John had come to understand that Jesus had revealed to him the very heart of God. As such, Jesus must have had the closest possible relationship to that Heart, so close that Jesus must always have had this relationship. And so John declares with confidence of Jesus: “In the beginning was the Word, and the Word was with God, and the Word was God.” This is not a mere assertion. John is promising: the Jesus you are going to meet in the story I will tell you can bring you to the heart of all things, and to your own heart.

We newcomers to the Christian faith – including its less thoughtful critics – quite naturally begin at the start of the Gospels and read to the end. But, to say it again: the beginnings of the Gospels are in fact their conclusions. Knowing who they believed Jesus to be, John and the others effectively wrote their accounts of his life backwards. As much as John declares to us that “In the beginning was the Word…” he also asks us: how could it have been otherwise, given who I have come to see Jesus to be?

While we may have to take the Christmas stories up as a place to begin, they can only be tentatively received as the beginning. In fact we must, in the end, come to be able to write our own “Christmas” stories, our own conclusions in faith. This doesn’t mean that we need to “Australianise” the stories, replacing the biblical characters with swagmen, surf life-savers, and joeys. That’s good fun, but it doesn’t help. And writing our own Christmas stories doesn’t mean that we should try to pull together our strongest desires and greatest needs in order to create a job description for a prospective god. That’s what we already do most of the time, and so far it hasn’t helped us very much.

To write our own Christmas stories, in a way comparable to what the gospel writers did, would be to begin with a thought, an experience: that in Jesus we meet the one who really matters. In particular, it would be to begin with the thought that the most important thing in the world is this particular person dead on a cross, and then to measure against that other things we previously thought important, or unimportant. It is this re-shuffling of what it is important which gives us our familiar Christmas stories and readings: kings ought not to be born in stables or greeted first by shepherds or forced to flee in fear of those who are supposed to welcome them.

We can know the Christmas stories and yet be completely untouched by them simply because they are still someone else’s story, someone else’s conclusions and not yet our own. In the absence of the background story, we might even dare to make one up, which accounts for the kind of silliness we read in “Christmas” opinion pieces in our newspapers around this time of year. This is the “tragedy” of Christmas as we know it – both in the church and outside of it: mistaking someone else’s conclusions for our beginning.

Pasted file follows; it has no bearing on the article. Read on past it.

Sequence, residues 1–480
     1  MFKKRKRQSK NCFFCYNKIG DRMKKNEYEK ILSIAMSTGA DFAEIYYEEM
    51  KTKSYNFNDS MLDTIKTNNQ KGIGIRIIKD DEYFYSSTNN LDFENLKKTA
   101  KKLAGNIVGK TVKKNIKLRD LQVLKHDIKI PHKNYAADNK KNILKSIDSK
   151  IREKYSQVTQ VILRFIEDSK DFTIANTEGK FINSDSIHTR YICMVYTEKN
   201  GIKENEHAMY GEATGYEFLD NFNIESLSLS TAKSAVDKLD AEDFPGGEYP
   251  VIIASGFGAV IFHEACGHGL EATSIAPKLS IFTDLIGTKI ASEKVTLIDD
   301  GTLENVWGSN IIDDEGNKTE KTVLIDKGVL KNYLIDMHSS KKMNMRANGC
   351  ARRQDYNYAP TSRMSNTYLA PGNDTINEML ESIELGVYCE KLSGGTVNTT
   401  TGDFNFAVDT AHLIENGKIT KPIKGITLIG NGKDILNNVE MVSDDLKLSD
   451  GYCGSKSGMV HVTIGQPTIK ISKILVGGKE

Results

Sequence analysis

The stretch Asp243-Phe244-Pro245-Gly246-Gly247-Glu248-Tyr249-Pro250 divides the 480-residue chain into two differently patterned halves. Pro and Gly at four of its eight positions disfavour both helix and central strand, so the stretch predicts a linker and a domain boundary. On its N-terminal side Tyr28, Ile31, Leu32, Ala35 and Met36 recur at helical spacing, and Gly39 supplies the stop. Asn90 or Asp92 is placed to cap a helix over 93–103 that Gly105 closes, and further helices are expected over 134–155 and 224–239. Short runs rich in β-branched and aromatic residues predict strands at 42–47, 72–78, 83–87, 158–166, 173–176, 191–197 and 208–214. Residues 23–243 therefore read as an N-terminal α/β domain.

But should Jesus grab hold of us and we begin with him properly, then we’ll be in a position to write our own Christmas stories, our own stories of his beginning. These stories would speak about the origins of Jesus as the “must have been” which makes sense of what he has become for us. And this would be, more significantly, to re-write our own stories, for it will take what is most familiar to us, and most important to us, and throw it into a new light.

We desperately need such illuminating stories, both in the church and outside of it: new and enlivening ways of viewing ourselves.

Of course, we can’t contrive a meaning of Christmas for ourselves; we can’t convert ourselves. But neither do we have to. We are not required to fill ourselves with wonder at Christmas time, but simply to wonder: to wonder whether in fact there might something in all of this which we’ve missed, even after all these years, or because of them. We might marvel that these stories continue to wrestle with us as we wrestle with them and, if the blessing be given, we might begin to discover in our own entanglement with Jesus just where he begins with us, and what sort of story we would tell of his beginning, from our experience of the new end he has given us.

“Kid born in shed saves world” – “in the beginning was the Word” – this is where the Gospel writers end up, and they throw out an invitation to us to discover whether we can come to agree with them, though we might say it very differently. The conclusions of those who have gone before us are the invitation to us to follow them on a similar journey.

This Christmas, may all who hear that invitation respond, wondering; and may God in his grace bless them with wonder.